This repetitive statement puzzled me for years until I realised the simple answer had more to do with her own selfishness. When I turned three, my sister was five years old and just starting school. The martyr’s daughter was no longer there to entertain the “troublesome toddler” while she had time to go back to bed or sit in miserable depression all day long.

I would feel furious when mum went back to bed as soon as my sister left for school. I delved into a lot of wonderful mischief but received harsh punishments for my selfishness and inconsideration for my “poor old mother,” who was only in her late 20’s. One morning, I spread a “full” jar of hand cream over the seat of her armchair. On another occasion, I ate a “full” box of chocolates and then was violently sick. “Yes, that’s God punishing you for eating your poor old mother’s sweets… ” The worst crime of all was decorating my sister’s dollies with biro pen.

Mum’s first task when she eventually got out of bed was to see what her ungrateful little bastard had been up to and there were always harsh punishments ahead. Years later while recalling these memorable events, she would proudly admit, “Yes, I leathered him up and down that living room.” Recalling the crime had only one purpose and that was to reinforce her terrible life and martyrdom. And we used to think this was “normal.”

Dad would come home and mum’s spiel still echoes through my mind today, “You think I don’t deserve a bloody rest… I’ve just made breakfast for everyone and then put my daughter out to school… I only have one lung… I’m not able ya know… and I do my best for this family and this is what I get… you won’t have me around for long… you should make the most of me while you can…I’m done with this life.”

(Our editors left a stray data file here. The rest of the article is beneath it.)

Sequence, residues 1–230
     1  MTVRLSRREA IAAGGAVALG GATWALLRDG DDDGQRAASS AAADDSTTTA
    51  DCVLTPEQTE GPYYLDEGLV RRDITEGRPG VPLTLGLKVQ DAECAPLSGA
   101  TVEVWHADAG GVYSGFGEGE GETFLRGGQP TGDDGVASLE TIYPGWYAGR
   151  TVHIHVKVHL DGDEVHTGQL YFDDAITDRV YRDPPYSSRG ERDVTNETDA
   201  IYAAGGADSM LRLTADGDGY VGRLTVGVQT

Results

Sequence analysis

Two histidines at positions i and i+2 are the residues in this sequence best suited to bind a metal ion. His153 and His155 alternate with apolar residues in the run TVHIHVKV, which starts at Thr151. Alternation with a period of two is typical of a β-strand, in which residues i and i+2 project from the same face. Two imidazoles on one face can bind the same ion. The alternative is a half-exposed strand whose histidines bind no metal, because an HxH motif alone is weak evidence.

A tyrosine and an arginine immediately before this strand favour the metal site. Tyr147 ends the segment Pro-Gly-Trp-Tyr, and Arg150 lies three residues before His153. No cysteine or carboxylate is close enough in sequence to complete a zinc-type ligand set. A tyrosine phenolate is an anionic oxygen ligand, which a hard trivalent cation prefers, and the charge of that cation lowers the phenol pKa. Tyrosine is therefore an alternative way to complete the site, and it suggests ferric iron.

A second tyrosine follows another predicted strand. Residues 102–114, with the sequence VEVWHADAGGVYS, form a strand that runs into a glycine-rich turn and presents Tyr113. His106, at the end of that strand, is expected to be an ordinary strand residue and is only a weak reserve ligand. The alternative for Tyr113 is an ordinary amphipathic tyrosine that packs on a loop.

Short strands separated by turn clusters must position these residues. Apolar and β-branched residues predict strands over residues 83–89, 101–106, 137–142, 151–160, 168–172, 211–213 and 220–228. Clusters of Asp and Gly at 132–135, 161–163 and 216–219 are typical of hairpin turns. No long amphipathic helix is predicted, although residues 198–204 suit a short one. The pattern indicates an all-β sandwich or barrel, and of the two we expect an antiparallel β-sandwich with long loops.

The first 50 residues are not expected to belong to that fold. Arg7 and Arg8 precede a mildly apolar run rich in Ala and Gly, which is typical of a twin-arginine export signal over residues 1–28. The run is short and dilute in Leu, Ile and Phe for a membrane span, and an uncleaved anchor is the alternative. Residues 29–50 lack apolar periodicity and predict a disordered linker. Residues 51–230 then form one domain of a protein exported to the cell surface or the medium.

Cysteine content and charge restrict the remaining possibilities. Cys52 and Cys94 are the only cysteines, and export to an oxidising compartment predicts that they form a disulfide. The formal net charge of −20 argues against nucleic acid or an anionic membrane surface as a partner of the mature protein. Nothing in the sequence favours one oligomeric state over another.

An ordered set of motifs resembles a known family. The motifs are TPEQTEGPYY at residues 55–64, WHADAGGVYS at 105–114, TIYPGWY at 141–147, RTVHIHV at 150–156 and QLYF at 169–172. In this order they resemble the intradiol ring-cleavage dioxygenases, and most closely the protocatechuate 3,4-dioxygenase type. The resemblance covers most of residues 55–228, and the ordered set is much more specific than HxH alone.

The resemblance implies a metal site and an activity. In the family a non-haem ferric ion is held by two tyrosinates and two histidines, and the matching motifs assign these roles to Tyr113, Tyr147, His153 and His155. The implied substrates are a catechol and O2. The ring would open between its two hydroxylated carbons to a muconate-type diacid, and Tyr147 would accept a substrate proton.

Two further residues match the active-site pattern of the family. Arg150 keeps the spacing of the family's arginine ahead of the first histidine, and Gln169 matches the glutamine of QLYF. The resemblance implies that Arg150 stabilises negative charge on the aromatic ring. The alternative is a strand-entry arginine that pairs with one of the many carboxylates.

Mum would cunningly recount these stories to friends, relatives, and even neighbours, but her deceitfulness was always careful to leave out the intimidation and violence. She needed people to view her as the long-suffering martyr who was having such a difficult life with her unruly child.

My father’s status as an Electrical Engineer was a world away from anything mum’s own dysfunctional family ever achieved in the history of their alcoholism. Dad spoiled her in every way and his unopened wage packet paid for her comfort and luxurious home, while my sister and I believed in our own poverty. You could say mum struck it lucky when she met a fellow-narcissist.

Our childhood endured statements that demanded the utmost appreciation and devotion and was contradictory to the reality we endured. “You should be grateful for such a lovely clean home” and “You’re lucky to have a good father who puts food on the table every day… And you don’t know how lucky you are to have a warm clean bed at night… You have the best… best parents.”

thPW2DWHOOMy sister seems to have bought into this drivel from a very early age, but I imagine that was her means of survival. The poor girl was always terrified to step out of line. Of course, I rebelled and continued to internalise the belief that I was bad, worthless, and flawed. Maybe this was all part of the narcissistic mother’s cunning plan for the ‘Golden Child –v- Scapegoat’ roles we each adopted, but that needs to be for another post.